August 13th, 2007 05:52 EST
Al Basrah oil terminal renovation project nears completion
AL BASRAH — The Gulf Region Division’s oil sector neared the finish line at the end of July with the final certification of work on the Al Basrah Oil Terminal. The terminal, known as ABOT, is Iraq’s primary avenue for crude oil export.
The U.S. Army Corps of Engineers invested $67.5 million to rehabilitate the export facility 50 km offshore in the Arabian Gulf. Currently, one and a half million barrels of crude oil a day leave Iraq via tankers on-loading at ABOT. That volume is roughly half of the terminal loading capacity of 3 million barrels per day achieved with the upgrade.
Iraq’s economy is dominated by crude oil export accounting for 97 percent of the government’s revenue. The GRD has been working to improve the country’s ability to get its crude oil to world markets through renovation of key components of the oil infrastructure. The $1.7 billion effort has been funded by the Iraq Relief and Reconstruction Fund, but is only a fraction of the $8 billion needed, according to a Coalition Provisional Authority estimate.
Prior to renovation ABOT illustrated the condition of the entire Iraqi oil infrastructure. Designed and commissioned by Brown and Root in 1974, the 30-year-old technology was in serious disrepair from decades of under funding, lack of preventive maintenance, and war damage from the 1980-88 Iran-Iraq War and the Gulf War.
U.S. Navy Capt. Thomas Brovarone, GRD Oil & Water Sectors director, said the most important improvement at ABOT is the installation of 24 custody transfer meters and associated flow provers that measure how much crude oil is exported from the terminal.
Supplied by a 48” undersea pipeline from the southernmost tip of the Al Faw Peninsula, the terminal has four berths capable of handling very large carrier type vessels and offloading 300,000-400,000 barrels per day on each berth. The terminal was identified in July 2003 as a key facility for immediate repairs by the Ministry of Oil and the Corp’s Task Force-Restore Iraqi Oil. Parsons Iraq Joint Venture was awarded a contract for the work in January 2004.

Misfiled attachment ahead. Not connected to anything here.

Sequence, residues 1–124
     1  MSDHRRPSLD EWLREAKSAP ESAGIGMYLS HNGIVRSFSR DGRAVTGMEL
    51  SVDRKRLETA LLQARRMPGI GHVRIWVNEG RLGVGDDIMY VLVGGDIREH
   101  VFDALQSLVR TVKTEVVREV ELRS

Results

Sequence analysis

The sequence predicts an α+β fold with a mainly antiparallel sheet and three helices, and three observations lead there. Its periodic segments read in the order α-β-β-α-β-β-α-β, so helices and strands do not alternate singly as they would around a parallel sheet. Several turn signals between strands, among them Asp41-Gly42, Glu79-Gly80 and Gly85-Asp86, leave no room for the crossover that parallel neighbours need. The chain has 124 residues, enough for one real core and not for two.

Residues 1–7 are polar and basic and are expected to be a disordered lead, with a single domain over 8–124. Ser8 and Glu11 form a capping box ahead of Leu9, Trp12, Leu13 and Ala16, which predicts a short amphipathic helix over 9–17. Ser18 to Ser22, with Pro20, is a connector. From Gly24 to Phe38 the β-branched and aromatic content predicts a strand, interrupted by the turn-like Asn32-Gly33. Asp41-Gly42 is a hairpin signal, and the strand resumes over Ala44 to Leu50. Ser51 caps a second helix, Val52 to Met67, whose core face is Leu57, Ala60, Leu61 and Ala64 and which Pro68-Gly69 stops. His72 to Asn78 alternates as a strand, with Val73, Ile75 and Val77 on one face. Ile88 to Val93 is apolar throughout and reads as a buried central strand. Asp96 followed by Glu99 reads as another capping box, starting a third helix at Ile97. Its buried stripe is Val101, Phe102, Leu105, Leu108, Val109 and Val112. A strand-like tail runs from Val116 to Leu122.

David Anderson, the Corp’s Quality Assurance Representative on the 1.6 kilometer long terminal said, “Before the Corps came on site, Southern Oil Company was using accounting procedures on the tankers and that has a tendency to be less accurate than turbo meters. The turbo metering system is accurate within one hundredths of a percent.”
Accurate metering is a requirement for confidence necessary in the world community if Iraq is to seek International Monetary Fund loans for remaining oil infrastructure improvements. The metering was installed in Phase 2 of the project.
Anderson said, “The Corps came out with [construction contractor] AFI and [Parsons Iraq Joint Venture] on Phase 1 to do a refurbishment of the loading arms and the rigging. The functional part of the arms weren’t in real good shape.” In fact, an April 2003 assessment found the loading arms to be operating at only a quarter of their design rate and leaking excessively.
As they reworked the loading arms for oil transfer, the Corps, PIJV and AFI also turned toward correcting major safety deficiencies on the terminal. Improvements include fusible loop fire detection, gas detection, emergency shut down systems, nitrogen generation and installation of life rafts, Anderson said.
“Another problem that was discovered on coming to the terminal was that fire fighting capacity was nonexistent. What this project has done is refurbish all the foam systems and recondition the towers… fire fighting capacity will be 120 percent of what it was previously when new,” Anderson said.
Workers also repaired four hydraulic transfer bridges, build control rooms meeting international standards for both platforms, and installed new power generation and electrical cabling throughout the terminal.